Several seconds of frozen panic could be fatal when you have only 90 seconds to escape in a crowd. What might seem like inane instructions, such as how to unbuckle a seat belt, can be important. In emergencies, some passengers revert to what they know and try to punch a button as if releasing a car seat belt, instead of lifting the flap, crash investigators say.
Only 33 out of 150 passengers on US Airways Flight 1549 had a life vest after landing in the Hudson River in 2009, and only four properly put them on, remembering to fasten the waist strap, according to the National Transportation Safety Board.
Airlines say they try to rotate videos to maintain interest and even embed subliminal tricks to hook frequent fliers. American created its soundtrack with airport and airplane noises—a familiar ding can surprise even expert fliers and keep them watching.
And its new video has an homage to finger-wagging Deltalina. “We like to have fun with our competitors,” American’s Mr. Fernandez says.
United Airlines slips “Easter eggs” into videos such as repeat characters in different settings, says Mark Krolick, managing director of marketing and product development. In United’s latest, a groom who runs away from his Hawaiian beach wedding shows up later in New York. “We know we have frequent travelers and some of them will be seeing these videos on a fairly regular basis,” Mr. Krolick says.
The Federal Aviation Administration says it reviews each airline’s cabin safety program, including videos. “It does not matter how the information is communicated, as long as the required information is there,” an FAA spokeswoman says. The agency says it doesn’t know of any studies on safety-video efficacy.
Aviation-safety researcher Brett Molesworth and colleagues showed different kinds of briefings to people and measured retention. “Once you include humor, people recall the humorous aspect as opposed to the message,” says Mr. Molesworth of the University of New South Wales in Sydney.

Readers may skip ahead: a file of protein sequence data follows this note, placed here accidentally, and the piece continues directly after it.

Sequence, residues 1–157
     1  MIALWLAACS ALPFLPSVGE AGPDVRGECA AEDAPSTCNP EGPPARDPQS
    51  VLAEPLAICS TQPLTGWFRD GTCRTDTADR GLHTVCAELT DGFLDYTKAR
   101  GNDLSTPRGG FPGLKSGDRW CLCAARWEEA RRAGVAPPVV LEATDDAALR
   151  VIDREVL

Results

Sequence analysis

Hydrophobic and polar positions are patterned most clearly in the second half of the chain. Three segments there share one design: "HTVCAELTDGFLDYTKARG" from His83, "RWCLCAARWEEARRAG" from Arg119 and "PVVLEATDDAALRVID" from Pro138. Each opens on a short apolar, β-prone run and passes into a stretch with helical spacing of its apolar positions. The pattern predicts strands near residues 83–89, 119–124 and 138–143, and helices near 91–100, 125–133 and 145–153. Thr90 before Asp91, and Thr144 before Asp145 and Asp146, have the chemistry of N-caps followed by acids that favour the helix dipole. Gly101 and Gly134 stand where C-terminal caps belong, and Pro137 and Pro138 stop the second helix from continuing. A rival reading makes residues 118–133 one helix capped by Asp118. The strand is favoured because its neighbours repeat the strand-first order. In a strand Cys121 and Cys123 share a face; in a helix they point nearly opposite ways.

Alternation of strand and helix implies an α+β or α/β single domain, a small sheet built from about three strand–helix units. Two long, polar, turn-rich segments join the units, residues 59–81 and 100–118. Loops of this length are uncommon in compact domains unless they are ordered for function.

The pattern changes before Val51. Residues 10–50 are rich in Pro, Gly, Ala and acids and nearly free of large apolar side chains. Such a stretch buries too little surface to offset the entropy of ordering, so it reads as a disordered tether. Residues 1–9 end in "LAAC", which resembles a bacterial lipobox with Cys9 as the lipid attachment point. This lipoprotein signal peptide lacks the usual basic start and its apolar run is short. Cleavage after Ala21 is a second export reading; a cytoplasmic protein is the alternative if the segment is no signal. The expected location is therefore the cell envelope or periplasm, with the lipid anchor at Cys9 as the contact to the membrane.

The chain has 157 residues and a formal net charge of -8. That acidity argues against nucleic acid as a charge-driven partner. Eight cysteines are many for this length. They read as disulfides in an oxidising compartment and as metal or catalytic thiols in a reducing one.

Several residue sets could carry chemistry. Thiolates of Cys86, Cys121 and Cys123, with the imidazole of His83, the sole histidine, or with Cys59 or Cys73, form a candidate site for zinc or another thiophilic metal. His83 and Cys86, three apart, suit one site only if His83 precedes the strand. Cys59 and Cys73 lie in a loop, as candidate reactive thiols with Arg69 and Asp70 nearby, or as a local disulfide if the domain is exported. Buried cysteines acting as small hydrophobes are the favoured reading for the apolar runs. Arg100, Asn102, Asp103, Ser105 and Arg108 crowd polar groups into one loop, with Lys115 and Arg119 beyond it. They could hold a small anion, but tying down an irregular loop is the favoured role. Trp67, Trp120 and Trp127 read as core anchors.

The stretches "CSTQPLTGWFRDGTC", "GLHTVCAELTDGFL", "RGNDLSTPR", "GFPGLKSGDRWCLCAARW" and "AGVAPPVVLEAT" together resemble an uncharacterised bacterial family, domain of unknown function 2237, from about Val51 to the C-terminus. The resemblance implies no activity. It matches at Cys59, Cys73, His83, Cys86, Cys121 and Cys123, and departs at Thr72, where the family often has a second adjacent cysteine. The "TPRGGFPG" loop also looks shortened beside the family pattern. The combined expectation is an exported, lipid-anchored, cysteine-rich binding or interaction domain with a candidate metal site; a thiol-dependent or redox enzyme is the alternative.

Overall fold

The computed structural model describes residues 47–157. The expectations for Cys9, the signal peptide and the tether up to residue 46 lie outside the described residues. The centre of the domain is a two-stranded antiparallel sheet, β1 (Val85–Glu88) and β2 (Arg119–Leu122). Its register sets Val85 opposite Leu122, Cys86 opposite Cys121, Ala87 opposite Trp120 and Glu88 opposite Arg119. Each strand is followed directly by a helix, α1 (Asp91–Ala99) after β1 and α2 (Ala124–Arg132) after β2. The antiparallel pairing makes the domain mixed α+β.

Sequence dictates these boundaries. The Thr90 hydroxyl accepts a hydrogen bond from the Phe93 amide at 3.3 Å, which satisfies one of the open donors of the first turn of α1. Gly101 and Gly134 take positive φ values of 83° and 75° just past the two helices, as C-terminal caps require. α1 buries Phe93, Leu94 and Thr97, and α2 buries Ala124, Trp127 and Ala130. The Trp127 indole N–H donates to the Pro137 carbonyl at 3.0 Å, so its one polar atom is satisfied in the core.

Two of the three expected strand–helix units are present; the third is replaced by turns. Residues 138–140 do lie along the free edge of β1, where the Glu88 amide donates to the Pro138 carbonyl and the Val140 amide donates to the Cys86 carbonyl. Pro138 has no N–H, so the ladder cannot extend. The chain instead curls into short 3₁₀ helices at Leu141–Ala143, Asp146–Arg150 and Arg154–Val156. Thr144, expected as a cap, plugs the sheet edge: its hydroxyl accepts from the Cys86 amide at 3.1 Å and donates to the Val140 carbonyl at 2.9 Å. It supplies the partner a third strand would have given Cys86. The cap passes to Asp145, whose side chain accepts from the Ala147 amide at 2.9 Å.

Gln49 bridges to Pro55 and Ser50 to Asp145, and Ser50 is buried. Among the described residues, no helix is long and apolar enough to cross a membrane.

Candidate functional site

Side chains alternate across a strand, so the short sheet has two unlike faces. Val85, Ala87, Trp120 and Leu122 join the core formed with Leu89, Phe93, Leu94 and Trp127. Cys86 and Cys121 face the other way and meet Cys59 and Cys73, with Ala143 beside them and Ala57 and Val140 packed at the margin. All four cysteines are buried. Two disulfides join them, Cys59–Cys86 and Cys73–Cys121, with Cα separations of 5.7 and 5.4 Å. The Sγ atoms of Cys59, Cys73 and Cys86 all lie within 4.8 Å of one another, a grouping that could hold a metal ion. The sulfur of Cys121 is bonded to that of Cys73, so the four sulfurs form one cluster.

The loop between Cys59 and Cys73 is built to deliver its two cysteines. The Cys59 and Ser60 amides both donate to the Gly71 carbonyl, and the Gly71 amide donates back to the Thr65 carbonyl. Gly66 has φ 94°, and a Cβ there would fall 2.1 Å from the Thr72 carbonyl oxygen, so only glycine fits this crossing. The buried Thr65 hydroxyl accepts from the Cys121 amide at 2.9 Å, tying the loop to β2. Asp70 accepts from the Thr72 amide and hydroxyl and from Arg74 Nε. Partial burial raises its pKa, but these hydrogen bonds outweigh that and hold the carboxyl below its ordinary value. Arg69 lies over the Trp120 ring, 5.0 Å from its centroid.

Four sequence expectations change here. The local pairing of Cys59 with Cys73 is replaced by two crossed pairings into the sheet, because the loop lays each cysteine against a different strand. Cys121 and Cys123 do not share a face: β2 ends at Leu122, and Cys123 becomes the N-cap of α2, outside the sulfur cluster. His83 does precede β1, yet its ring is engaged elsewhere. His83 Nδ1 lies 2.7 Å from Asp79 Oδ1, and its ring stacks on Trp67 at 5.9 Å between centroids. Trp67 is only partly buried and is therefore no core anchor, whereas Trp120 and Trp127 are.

He thinks regulators need to update 30-year-old requirements, paring information no longer relevant and adding new warnings, such as an admonition to leave behind carry-on baggage in emergencies.
The New Zealand Civil Aviation Administration chided Air New Zealand for a surfing-themed video featuring sexy surfers, saying “extraneous material detracts from the scope and direction of the safety message.” The CAA nonetheless allowed the video.
In July, Air New Zealand replaced that video with the Hollywood-themed production. The airline said its videos are “in line with New Zealand regulatory requirements.”
Delta did hear complaints about “Safetys,” such as passengers on 6 a.m. departures disturbed by loud noises, says Julieta McCurry, director of marketing communications. “It did its job to get people to pay attention again,” she says.
Delta’s new video is 100% goat-free. The airline says one reason for the tone change is it decided to stop trying to one-up rivals in the safety video arms race. It hopes to refresh the straightforward videos every month or two through 2017 to keep frequent fliers engaged.
Source : WSJ